Can audits, pension investments, and policy reports combat climate change and craft a more equal New York?

William Alatriste for the New York City Council

Councilmember Brad Lander at a 2014 Council hearing. He’s represented Brooklyn’s 39th district since 2010.

The four-way primary contest for city comptroller is the highlight of the 2021 mayoral election’s undercard, thanks to the contestants and to the purse.

The field includes State Sen. Brian Benjamin, Brown- and Harvard-educated and a relative newcomer in Albany; State Sen. Kevin Parker, with 18 years of elected service under his belt; Councilmember Brad Lander, perhaps the city’s chief progressive policy wonk of the post-2009 era; and Assemblyman David Weprin, a veteran financier, regulator and legislator from a well-known political family.

The prize is a job offering an array of roles and powers: that of auditing city agencies, monitoring the $88 billion budget, managing the city’s debt, registering all city contracts, overseeing the $225 billion in pension funds, forecasting economic trends, and operating a policy shop that recent comptrollers have used to weigh in on everything from housing to horse racing.

It’s also a common stepping stone for mayoral candidacies, as Abe Beame, Jay Goldin, Alan Hevesi, William Thompson, John Liu and, this year, Scott Stringer, illustrate. The only comptroller in recent memory not to run for mayor was Elizabeth Holzman, who ran for the U.S. Senate instead.

That said, it’s not a job that’s well understood, as Lander told WBAI’s Max & Murphy Show on Wednesday.

“There’s a lot of folks who aren’t sure what the comptroller’s office is or does but it’s such a critical office at a moment like this when the city is facing such a fiscal and economic challenge,” he said.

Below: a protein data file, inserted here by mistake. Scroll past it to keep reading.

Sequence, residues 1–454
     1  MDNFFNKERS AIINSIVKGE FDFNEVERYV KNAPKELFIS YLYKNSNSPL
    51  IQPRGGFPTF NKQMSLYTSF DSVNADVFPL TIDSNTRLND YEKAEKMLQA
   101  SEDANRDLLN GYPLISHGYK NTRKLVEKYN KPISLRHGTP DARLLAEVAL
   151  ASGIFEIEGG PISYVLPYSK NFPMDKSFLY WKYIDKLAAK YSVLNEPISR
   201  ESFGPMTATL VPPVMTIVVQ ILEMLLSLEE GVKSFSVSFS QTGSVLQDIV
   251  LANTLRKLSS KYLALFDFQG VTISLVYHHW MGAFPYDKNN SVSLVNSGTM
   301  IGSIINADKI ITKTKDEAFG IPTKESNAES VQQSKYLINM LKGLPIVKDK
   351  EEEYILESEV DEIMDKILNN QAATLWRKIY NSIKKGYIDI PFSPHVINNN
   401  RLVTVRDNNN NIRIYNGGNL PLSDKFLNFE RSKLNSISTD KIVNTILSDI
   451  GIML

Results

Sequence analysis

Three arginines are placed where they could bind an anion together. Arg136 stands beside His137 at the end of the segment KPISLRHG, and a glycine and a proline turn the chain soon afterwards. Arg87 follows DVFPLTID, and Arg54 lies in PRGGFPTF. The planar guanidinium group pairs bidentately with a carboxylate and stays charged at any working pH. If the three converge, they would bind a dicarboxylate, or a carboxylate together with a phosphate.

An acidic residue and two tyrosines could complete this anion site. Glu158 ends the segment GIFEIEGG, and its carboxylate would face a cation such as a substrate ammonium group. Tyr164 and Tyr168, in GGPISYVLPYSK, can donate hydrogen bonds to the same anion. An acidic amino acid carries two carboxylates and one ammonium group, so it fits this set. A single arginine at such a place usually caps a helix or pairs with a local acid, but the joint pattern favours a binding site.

“When new leaders come into office next year we’ll be tasked with figuring out how to rebuild our economy and get our city moving forward again. And we’ve seen crises like this in the past, out of the 1970s and after 9/11, city leaders really made the choice to give the city over to business elites and thought that real-estate development would bring our city back, and some jobs got created but a much more unequal city was created.”

On the other hand, Lander argues that coming out of the Great Depression, the city was able to invest in subways, CUNY, Mitchell-Lama housing and other efforts to spread opportunity broadly. That’s the prescription he thinks the next comptroller can help shape.

One additional challenge to that effort, however, is that the city’s financial fundamentals aren’t as strong as they should be given the years of growth that preceded the COVID-19 collapse. “We didn’t do things we should have done in earlier fiscal years,” Lander said. “We didn’t create a rainy day fund after coming out of the last fiscal crises and we should have.”

Hear the full interview, including Lander’s plan for using the office to combat climate change, his approach to working with the next mayor, and what he thinks of an uncomplimentary nickname, below. 

Parker also appeared on Wednesday’s show but technical problems interrupted his interview at an early point; Benjamin and Weprin are scheduled to appear on Max & Murphy on Wednesday, January 27, at 5 p.m.

Councilmember Brad Lander, Democrat for Comptroller